The Otago Post issue 9
With a name like Jack Rocky-Jay Rivers he could be on the stage but, rather than topping the charts, this performer won the 2011 University of Otago Three Minute Thesis competition with his talk ’The future of medicinal marijuana’.
Jack received a $2000 study grant, and airfares and accommodation to represent Otago at the Australasian Three Minute Thesis Competition at the University of Western Australia in Perth where he made it through to the finals and also won the People’s Choice award.
The competition gives PhD students three minutes to explain the essence of their research with just a single powerpoint slide to refer to.
“I’ve always had an energetic speaking style,” says Jack, “so the competition seemed designed for me.”
Jack is in the final stages of his pharmacology PhD. His research concerns the potential for isolated marijuana compounds to minimise the effects of stroke by suppressing the immune system, thus reducing the inflammation that causes brain damage.
He thinks his speech won because he explained something complicated that is also a touchy political issue in a simple, level-headed argument.
“People are often passionately for or against the medical use of marijuana but I was straight down the line. I used 45 seconds to draw parallels between marijuana and opium. Both were used medicinally for thousands of years and both were made illegal for use as a social drug. But scientists didn’t give up opium. They developed morphine and codeine from it, drugs that offer pain relief and slow down intestinal function.”
“I’d never advocate marijuana smoking – but you don’t get high on the compound we use, so we can explore its potential to reduce inflammation in the brain when you have a stroke. Suppression of the immune system can stop that swelling just like putting ice on a sprain. My speech emphasised that we shouldn’t give up on marijuana’s medicinal potential.”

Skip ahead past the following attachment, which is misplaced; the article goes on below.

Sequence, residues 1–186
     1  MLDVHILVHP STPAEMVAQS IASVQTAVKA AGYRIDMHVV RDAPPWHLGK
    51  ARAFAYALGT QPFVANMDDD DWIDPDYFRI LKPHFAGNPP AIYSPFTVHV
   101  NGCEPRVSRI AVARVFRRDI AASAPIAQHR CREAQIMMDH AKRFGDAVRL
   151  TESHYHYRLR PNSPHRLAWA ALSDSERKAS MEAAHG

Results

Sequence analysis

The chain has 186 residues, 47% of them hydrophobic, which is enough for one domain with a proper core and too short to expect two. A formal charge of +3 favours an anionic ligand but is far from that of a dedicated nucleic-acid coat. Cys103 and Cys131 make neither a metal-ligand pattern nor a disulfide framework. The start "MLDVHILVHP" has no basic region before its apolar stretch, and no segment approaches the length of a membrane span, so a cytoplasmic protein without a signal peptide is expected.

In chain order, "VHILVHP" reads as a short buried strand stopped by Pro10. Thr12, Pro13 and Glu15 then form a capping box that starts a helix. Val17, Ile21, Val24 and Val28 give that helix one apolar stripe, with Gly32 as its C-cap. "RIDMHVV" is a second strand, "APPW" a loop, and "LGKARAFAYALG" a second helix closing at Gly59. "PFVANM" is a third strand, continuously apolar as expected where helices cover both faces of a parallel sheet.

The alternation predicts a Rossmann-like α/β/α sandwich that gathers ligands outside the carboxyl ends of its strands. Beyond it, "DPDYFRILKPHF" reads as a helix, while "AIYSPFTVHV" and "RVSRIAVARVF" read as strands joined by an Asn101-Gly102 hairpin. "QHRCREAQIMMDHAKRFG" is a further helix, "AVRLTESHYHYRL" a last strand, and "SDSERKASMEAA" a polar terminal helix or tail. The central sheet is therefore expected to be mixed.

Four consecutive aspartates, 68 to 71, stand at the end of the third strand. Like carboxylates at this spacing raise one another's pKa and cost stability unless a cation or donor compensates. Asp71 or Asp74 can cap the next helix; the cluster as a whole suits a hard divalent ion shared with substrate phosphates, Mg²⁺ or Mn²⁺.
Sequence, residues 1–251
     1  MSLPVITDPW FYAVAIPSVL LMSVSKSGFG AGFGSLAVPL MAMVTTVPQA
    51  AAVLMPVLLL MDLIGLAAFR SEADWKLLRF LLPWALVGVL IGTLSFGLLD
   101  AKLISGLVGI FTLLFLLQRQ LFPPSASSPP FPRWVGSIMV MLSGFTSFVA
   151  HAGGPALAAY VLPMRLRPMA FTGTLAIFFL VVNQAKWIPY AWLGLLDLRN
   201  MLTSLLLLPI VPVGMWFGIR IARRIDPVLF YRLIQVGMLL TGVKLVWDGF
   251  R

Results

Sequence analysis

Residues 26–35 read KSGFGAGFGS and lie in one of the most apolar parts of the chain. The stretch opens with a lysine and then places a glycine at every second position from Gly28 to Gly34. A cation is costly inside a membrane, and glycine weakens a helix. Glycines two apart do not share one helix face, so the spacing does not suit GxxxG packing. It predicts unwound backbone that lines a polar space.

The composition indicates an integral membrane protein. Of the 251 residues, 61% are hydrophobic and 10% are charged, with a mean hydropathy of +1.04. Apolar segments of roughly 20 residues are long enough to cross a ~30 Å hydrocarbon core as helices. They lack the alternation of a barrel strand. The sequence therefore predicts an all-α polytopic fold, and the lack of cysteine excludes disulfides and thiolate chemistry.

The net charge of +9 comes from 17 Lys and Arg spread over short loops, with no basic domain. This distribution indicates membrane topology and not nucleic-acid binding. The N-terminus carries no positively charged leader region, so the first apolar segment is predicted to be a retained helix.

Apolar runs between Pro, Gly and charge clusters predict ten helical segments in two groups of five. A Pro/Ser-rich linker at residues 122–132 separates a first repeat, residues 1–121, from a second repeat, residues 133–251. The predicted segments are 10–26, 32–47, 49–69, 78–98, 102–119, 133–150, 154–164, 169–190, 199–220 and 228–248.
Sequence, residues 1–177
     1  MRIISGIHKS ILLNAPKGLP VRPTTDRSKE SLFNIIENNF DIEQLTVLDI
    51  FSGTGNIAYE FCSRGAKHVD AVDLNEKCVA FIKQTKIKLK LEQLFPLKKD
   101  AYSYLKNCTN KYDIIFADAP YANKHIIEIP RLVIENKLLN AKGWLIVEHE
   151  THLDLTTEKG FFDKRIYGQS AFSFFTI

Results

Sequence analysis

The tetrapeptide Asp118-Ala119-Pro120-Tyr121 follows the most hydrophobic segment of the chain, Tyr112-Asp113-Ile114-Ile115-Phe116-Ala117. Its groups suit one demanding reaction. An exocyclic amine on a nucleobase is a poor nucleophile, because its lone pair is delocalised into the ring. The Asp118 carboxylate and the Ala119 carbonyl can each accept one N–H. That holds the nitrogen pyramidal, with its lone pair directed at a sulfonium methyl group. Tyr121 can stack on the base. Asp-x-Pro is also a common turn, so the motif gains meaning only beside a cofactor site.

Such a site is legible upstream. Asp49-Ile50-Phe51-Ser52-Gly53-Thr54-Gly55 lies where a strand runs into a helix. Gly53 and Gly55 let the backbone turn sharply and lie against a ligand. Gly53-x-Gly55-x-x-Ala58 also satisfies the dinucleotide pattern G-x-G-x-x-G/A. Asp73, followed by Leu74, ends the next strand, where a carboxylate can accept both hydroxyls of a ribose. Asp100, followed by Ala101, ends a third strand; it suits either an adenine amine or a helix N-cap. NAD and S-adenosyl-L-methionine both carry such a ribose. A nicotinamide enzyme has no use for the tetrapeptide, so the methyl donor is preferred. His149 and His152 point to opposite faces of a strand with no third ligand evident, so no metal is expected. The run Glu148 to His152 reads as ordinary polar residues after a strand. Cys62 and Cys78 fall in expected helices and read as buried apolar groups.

Jack says his oratory skills come from grabbing opportunities to speak in public.
“I’ve been entering speaking competitions since I was in Standard Three. This is the third time I’ve entered the Three Minute Thesis. I got to the finals the first time, the second time I added more detail and didn’t get that far. I learned you want less on the slide and more about the premise.”
Jack finds the competition fun but says there are lots of other reasons for entering.
“When you’re doing a PhD all roads lead to being a lecturer, and this competition helps you develop helpful skills. Throughout the heats the judges give you feedback; over a couple of years you take that on board. Awards always look good on a CV too.”
His final and most successful experiment, completed after the Otago competition, enabled Jack to strengthen his presentation for the Perth event.
“Before, I was only improving the level of brain damage by 18%; now, with a more potent compound, we’re seeing a 39% level of improvement.”
For more information about Pharmacology visit:
To view the Three Minute Thesis Competition visit the Life at Otago Podcast videos.